A LAST-DITCH EFFORT to derail a high-rise residential tower near San Jose State University has been denied, opening the way for more housing downtown.
The San Jose Planning Commission voted unanimously Wednesday to approve a 23-story, 248-foot apartment building one block from the university called The Mark. Commissioner Jorge Garcia abstained from voting because of an immediate family member who lived near the project site until recently.
The appeal was originally planned to be voted on last month, but commissioners couldn’t reach a consensus due to uncertainty about how many affordable units the project required per city and state laws.
“We all recall three weeks ago there was some confusion,” said Commission Chair Rolando Bonilla. “Clearly that time was not only well used, but helped in terms of framing tonight’s conversation.”
As part of the approval, buildings on the site owned by downtown resident and property manager Steve Cohen, who filed the appeal, will be demolished — including two existing multi-family residential buildings and one single-family home.
The city’s planning director previously approved the project in July.
The project’s developers, Urban Catalyst, purchased the land in early 2020 for $6.25 million. Units will be designed for one to four bedrooms and will bring “student-focused” amenities, such as common rooms and gym equipment. Urban Catalyst expects The Mark to house more than 850 students.
‘Cloudy as Mississippi mud’
The 240-unit apartment tower will bring much-needed student-focused housing to the surrounding university neighborhood.
“I want to thank city staff for really digging in on this and clarifying,” said Commissioner Charles Cantrell. “It was really as cloudy as Mississippi mud.”
The city met with Urban Catalyst last week to clarify the number of affordable housing or rent-stabilized units needed to comply with city and state regulations. The developer must now select one of two options to comply: Either designate 120 units to fall under rent stabilization according to the city’s apartment rent ordinance, or request the city waive the requirement so long as 20 percent of the units — or 48 apartments — are on-site affordable.
A representative from Urban Catalyst said its team is still consulting to decide which of the two options to choose.
“There’s a myriad of factors we’ll explore as we go forward, including financing and market conditions,” said Alex Sinunu, development manager at Urban Catalyst. “We don’t have a preference at this point.”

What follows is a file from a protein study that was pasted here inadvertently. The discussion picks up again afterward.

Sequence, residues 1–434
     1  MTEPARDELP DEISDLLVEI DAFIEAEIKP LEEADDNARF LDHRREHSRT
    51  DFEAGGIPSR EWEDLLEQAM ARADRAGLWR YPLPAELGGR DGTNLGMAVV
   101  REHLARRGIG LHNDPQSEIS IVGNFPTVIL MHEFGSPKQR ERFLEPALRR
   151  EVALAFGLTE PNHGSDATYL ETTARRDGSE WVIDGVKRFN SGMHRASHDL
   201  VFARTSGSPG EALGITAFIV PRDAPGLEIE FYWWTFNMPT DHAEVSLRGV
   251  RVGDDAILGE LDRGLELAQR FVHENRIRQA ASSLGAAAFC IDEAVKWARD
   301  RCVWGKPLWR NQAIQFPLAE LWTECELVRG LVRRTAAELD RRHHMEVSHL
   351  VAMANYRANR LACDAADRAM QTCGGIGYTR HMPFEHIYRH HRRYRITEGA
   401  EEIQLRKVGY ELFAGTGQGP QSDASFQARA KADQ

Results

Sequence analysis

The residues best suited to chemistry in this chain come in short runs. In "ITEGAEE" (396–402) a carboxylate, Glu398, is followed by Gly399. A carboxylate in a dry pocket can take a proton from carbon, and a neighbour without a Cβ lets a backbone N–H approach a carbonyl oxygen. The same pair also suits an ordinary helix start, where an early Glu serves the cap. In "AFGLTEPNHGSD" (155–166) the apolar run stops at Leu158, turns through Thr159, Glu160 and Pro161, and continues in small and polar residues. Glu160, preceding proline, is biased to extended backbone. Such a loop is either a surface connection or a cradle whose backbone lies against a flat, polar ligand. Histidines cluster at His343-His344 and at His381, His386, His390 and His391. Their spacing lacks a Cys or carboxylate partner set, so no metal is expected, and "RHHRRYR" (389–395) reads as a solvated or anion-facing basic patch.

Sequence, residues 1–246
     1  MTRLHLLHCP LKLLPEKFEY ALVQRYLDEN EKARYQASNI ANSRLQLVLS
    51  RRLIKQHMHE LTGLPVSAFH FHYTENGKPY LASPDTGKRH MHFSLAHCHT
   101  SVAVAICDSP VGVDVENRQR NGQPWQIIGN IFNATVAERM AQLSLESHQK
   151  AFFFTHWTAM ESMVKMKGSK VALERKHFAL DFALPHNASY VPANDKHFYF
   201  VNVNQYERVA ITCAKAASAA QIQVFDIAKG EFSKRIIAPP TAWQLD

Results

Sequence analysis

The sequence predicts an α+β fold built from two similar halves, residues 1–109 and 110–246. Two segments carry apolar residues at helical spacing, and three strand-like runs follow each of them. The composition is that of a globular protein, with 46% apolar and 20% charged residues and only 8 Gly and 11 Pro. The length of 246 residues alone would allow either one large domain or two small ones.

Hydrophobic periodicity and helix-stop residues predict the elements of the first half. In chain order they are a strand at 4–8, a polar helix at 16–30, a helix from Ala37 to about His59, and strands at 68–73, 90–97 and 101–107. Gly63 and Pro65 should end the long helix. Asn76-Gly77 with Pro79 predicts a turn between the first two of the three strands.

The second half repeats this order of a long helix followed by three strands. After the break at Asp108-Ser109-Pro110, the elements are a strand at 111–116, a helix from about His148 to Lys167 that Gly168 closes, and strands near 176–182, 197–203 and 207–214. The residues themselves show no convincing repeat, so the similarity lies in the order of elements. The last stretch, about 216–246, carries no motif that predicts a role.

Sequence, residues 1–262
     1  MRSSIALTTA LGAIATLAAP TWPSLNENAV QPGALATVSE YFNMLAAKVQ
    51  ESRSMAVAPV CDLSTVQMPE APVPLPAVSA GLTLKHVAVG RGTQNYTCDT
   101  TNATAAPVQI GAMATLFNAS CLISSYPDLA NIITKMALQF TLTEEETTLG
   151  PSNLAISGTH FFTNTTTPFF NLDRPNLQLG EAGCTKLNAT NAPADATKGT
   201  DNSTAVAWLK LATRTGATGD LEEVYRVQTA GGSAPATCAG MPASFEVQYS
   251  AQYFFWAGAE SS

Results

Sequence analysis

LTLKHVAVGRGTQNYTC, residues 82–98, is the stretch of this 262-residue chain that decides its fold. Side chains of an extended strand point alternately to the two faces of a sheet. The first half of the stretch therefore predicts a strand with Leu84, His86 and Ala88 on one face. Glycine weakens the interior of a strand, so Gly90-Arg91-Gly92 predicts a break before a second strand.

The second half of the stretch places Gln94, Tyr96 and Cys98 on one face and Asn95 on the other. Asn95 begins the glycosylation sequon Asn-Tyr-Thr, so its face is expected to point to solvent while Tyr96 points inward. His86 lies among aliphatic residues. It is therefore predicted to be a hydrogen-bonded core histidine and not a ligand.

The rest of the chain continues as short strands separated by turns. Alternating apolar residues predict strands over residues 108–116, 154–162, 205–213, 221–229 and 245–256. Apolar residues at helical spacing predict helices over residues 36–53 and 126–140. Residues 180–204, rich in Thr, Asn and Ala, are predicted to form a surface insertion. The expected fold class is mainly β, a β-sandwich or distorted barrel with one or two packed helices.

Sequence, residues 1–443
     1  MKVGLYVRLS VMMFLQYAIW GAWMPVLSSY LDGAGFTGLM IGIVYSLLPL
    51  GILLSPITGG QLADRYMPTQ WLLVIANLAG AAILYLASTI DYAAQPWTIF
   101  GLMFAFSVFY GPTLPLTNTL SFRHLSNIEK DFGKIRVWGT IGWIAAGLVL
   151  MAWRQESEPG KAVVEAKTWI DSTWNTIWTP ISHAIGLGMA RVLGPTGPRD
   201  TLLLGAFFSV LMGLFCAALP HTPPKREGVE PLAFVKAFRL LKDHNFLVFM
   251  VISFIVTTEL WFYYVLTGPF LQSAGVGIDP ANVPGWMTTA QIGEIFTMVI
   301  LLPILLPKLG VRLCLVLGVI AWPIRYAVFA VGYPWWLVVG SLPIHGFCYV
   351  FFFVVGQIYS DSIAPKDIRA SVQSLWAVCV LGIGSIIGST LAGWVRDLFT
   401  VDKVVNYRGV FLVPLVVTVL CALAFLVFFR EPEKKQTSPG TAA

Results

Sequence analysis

Rent-stabilized units are those where landlords are restricted from raising rent above a certain percentage in a specific time period. Under the city’s apartment rent ordinance, the maximum allowable rent increase is 5 percent in a 12-month period. An on-site affordable unit is a unit in a housing complex priced according to the area’s median income.
Cohen filed the appeal against the project hoping to block its approval. He claims there wasn’t enough outreach between the city and local property owners, that he was refused a hard copy of the project’s plans and that the surrounding buildings won’t blend in with the tower. He also says there is inadequate parking and the project is too big for the lot.
‘What does COVID have to do with it?’
City officials said due to the COVID-19 pandemic, online meetings were limited and that the city did its own community outreach.
“I got 41 tenants. They’re online on Zoom meetings all day,” Cohen told San José Spotlight. “What does COVID have to do with it? It’s ridiculous.”
There was one public meeting for the project in September 2020, according to the city’s website, where Cohen claims four people attended. City officials say 32 people tuned in on Zoom and one called in.
Contact Lloyd Alaban at email@example.com or follow @lloydalaban on Twitter.
Editor’s Note: Rolando Bonilla is married to San José Spotlight board member Perla Rodriguez.